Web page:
As I said of Ghost Protocol, the joy of these films is that they don’t focus so much on transcending the genre as they do on playing very well within the established conventions of the espionage narrative. What’s even more refreshing is the way the films recall the early Bond films’ one-and-done format, without baiting the audience back for a sequel or relying on their memory of a small detail from movies past. As someone who hasn’t seen the first three (but who now wants to, desperately), it’s striking how well the film introduces its main characters, some of whom have been around since 1996. I hadn’t met Ving Rhames’s Luther before, but I had a good sense of who he was and how he fit into the story because the film has a very acute sense of narrative integrity, respecting its audience enough to give us a complete experience.

Rogue Nation is spectacle cinema doing what it ought to do with neither pretension nor laziness. With each Mission Impossible film directed by a different person, I think there’s less of a burden to outdo oneself or someone else, and more room to focus on the quality of the experience itself. Director Christopher McQuarrie, reuniting with Cruise after the very compelling Jack Reacher, has a knack for stories told well without compromising clarity, and the surprising sense of humor from Edge of Tomorrow (which he cowrote) is present also in Rogue Nation, punctuating moments of tension with unexpected moments of delight.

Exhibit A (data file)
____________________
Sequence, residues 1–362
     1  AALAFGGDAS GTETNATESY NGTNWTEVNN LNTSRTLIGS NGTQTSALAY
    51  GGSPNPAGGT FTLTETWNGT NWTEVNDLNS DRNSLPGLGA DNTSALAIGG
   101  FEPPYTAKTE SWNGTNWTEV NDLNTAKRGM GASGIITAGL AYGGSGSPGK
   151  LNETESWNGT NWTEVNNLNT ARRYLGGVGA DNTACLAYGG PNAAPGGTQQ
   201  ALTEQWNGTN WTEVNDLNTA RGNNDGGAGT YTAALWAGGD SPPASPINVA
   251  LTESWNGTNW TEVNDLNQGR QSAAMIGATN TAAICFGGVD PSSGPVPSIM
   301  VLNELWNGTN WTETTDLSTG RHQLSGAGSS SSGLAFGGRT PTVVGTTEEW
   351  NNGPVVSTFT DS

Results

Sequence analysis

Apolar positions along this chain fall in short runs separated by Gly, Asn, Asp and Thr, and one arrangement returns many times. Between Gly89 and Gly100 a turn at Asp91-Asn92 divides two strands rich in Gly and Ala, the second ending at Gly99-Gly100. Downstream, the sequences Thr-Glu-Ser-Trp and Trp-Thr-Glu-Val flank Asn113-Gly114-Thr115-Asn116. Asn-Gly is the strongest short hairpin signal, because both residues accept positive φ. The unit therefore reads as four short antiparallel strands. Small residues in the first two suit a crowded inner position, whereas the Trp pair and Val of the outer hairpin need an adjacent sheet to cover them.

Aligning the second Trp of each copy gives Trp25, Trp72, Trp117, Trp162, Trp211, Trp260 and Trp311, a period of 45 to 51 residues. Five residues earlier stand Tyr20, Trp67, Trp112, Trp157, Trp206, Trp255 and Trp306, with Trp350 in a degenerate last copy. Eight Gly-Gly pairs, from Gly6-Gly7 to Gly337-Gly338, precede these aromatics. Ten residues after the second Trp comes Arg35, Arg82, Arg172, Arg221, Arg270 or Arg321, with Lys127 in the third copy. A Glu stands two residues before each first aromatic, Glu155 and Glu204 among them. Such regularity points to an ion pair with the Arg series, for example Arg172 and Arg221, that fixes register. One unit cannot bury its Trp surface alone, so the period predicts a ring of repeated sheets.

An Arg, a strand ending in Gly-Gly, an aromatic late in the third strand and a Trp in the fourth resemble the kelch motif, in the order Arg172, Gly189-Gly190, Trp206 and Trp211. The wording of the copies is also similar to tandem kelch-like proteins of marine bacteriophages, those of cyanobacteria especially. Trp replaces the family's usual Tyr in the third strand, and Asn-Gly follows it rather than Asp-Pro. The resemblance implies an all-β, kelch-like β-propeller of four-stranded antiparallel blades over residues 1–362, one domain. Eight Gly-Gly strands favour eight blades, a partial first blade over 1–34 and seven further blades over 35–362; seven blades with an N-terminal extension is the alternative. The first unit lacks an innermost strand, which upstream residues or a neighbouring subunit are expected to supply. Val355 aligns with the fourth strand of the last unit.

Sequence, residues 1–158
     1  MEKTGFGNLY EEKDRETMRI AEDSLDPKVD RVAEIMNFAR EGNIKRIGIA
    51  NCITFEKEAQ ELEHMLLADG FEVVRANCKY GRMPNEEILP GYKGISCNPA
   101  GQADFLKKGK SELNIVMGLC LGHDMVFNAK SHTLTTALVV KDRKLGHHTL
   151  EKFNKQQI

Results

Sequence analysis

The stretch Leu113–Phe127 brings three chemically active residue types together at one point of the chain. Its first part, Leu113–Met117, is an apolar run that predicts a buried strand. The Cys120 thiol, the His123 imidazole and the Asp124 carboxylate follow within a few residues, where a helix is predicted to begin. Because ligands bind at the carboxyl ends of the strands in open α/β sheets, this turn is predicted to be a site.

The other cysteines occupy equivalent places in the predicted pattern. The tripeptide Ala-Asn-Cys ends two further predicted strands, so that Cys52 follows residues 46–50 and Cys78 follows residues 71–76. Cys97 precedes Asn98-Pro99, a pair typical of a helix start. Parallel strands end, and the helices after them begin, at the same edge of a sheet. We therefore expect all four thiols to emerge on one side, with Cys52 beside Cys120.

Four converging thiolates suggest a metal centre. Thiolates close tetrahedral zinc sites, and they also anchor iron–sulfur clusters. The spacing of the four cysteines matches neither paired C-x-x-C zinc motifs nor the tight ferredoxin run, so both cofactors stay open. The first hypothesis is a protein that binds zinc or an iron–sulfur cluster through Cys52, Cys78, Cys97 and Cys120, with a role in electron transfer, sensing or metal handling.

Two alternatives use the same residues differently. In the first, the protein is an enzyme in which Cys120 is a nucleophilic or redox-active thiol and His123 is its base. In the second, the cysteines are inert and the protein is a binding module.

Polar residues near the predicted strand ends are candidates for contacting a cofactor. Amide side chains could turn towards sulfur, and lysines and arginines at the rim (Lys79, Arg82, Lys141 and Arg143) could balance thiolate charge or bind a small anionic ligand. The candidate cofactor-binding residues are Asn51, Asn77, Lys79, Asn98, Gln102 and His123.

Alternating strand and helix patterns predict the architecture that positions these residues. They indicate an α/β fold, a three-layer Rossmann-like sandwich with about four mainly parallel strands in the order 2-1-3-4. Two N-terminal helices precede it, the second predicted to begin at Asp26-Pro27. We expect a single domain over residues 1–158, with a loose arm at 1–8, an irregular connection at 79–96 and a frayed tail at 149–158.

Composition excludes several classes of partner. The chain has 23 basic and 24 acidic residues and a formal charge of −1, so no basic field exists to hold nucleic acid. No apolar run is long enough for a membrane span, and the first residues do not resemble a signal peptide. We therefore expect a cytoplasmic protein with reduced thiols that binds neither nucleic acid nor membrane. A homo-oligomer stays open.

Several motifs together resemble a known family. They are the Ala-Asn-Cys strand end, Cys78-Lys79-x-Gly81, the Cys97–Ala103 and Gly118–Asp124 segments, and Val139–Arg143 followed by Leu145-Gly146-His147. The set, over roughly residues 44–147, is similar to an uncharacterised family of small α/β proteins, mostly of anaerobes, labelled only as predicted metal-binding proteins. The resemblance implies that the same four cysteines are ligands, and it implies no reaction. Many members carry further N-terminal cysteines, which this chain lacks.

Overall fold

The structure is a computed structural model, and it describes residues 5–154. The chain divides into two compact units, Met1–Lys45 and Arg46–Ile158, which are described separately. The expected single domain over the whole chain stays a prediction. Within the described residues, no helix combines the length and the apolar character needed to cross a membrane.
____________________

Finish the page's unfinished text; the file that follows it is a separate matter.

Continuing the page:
I had gone to see Rogue Nation because an action film always looks better on the big screen, and I’d had such a good time with Ghost Protocol that I wanted to give the franchise another look. Now that Mission Impossible is two for two, it’s probably time for me to go to the back catalog, because now I have a brand that I trust. If nothing else, I have something to tide me over until Ethan Hunt’s British counterpart returns to theaters, and something to which I can look forward when the inevitable sixth Mission Impossible film debuts. That’s my mission, and I do choose to accept it.

Mission: Impossible - Rogue Nation is rated PG-13 for “sequences of action and violence, and brief partial nudity.” There are quite a few action set pieces with chasing and fighting, but it’s mostly bloodless; there’s a somewhat intense scene where a character is deprived of oxygen for minutes at a time. A woman removes her top, but it’s seen from behind with no visible nudity.

Monday, August 17, 2015

Monday at the Movies - August 17, 2015

Welcome to another installment of “Monday at the Movies.”  We haven’t done one of these since May, but it seems worth commenting on the “director’s cut” of X-Men: Days of Future Past, dubbed “The Rogue Cut” for reasons that will become apparent.